The Corrupted King: From Gallant to Greedy
Power is essential to greatness and at the same time, tragedy. It is in human nature that the more power one desires the more corrupt actions one must do to attain it. Throughout the course of history, power has been a concept highly sought. Utilised in a beneficial way, it can lead to extraordinary achievements, correcting wrong doings and changing lives. Unfortunately, the ugly reality is the fact that it is the main cause of corruption in the world and is often taken advantage of. In William Shakespeare’s work entitled Macbeth, the lust for and corruption by power is clearly portrayed specifically through Macbeth and his wife, Lady Macbeth.
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However, Shakespeare also focuses upon a balance between the two lovers; as Macbeth becomes stronger, his wife loses both power over him as well as herself, which led to her own downfall.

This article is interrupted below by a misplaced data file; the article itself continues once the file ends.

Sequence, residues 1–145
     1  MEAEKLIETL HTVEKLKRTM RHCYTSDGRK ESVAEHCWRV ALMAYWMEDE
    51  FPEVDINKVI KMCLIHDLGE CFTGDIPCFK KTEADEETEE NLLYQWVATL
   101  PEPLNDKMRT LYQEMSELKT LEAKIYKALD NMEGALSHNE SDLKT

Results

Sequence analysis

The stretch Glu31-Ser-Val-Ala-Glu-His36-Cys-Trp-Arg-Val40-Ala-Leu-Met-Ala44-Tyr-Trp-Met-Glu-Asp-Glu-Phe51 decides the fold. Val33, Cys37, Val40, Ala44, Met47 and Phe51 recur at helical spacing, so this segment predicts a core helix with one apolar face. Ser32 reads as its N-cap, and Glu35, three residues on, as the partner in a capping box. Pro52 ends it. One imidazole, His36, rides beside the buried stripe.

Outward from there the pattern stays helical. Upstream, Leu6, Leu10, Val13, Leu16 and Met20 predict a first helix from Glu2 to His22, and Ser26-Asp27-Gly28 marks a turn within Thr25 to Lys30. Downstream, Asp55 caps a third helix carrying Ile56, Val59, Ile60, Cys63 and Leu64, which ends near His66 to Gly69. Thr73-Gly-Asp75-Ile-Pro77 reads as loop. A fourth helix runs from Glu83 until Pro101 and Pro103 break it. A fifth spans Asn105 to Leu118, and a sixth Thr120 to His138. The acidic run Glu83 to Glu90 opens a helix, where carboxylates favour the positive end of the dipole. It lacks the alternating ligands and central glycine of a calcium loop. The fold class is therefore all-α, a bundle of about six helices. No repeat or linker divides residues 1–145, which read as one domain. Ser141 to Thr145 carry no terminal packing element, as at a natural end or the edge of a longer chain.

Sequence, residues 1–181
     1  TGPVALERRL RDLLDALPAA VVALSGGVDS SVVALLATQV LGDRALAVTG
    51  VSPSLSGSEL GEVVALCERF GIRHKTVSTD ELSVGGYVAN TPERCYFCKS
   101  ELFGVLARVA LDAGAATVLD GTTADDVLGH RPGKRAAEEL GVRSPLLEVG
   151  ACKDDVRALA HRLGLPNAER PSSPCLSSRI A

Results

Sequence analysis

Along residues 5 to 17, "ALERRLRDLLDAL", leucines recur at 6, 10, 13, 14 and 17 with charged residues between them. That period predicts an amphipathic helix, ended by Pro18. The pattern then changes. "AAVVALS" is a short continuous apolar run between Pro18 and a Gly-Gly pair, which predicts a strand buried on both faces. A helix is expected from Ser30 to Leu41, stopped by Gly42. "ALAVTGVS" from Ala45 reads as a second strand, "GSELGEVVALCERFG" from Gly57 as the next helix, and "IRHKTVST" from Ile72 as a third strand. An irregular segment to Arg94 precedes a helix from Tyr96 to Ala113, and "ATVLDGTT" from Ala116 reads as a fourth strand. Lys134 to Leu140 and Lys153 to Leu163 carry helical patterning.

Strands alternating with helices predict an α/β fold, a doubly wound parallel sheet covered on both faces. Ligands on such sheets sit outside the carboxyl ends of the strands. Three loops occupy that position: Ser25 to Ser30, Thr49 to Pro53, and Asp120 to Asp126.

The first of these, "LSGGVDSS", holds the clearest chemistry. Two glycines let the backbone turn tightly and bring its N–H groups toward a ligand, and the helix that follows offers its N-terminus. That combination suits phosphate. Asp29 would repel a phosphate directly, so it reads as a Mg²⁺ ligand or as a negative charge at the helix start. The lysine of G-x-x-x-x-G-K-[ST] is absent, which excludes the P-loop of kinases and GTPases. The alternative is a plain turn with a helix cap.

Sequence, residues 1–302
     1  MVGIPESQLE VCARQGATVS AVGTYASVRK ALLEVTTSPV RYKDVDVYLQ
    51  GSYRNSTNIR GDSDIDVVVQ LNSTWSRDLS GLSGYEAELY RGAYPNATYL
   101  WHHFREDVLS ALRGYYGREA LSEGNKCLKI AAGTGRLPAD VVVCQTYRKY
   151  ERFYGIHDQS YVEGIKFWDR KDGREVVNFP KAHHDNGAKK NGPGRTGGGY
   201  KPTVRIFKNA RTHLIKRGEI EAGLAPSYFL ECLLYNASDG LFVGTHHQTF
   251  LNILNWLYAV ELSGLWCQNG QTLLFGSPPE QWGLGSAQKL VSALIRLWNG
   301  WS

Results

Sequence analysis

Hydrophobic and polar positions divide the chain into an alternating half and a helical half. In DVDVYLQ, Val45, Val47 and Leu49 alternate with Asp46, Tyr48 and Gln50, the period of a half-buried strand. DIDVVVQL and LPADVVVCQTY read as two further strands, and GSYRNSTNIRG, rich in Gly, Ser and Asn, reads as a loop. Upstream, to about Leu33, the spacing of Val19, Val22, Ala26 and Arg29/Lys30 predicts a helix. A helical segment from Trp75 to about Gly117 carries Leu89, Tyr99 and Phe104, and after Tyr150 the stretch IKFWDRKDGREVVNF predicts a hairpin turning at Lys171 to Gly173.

Next, Macbeth deals with Macduff, the Thane of Fife who remains loyal to Malcolm the righteous heir to the throne. Upon learning of Macduff’s temporary departure to England, Macbeth uses his absence to his advantage, sending three murderers to be rid of his wife and son – an act that illustrates how corrupt and obsessed with power he has become. Within the scene, he also states:
“From now on, every deed that my mind images,
will be carried out by my hand at once.” (4.1, 161-163).
Macbeth has become a sadistic man in his attempt to hold his position and has been driven mad with his lust for power.
Finally, in his sickly state, Macbeth is fearful of his “friend” Banquo – in fear of being plotted against for the taking over of the throne. In the royal palace at Florres, Macbeth questions himself about Banquo and comes to the assumption that he is plotting to overthrow his sovereignty. In a soliloquy with himself, Macbeth states:
“To be thus is nothing;
But to be safely thus.—Our fears in Banquo
Stick deep; and in his royalty of nature
Reigns that which would be fear’d: ‘tis much he dares;
And, to that dauntless temper of his mind,
He hath a wisdom that doth guide his valour
To act in safety…” (3.1, 52-58)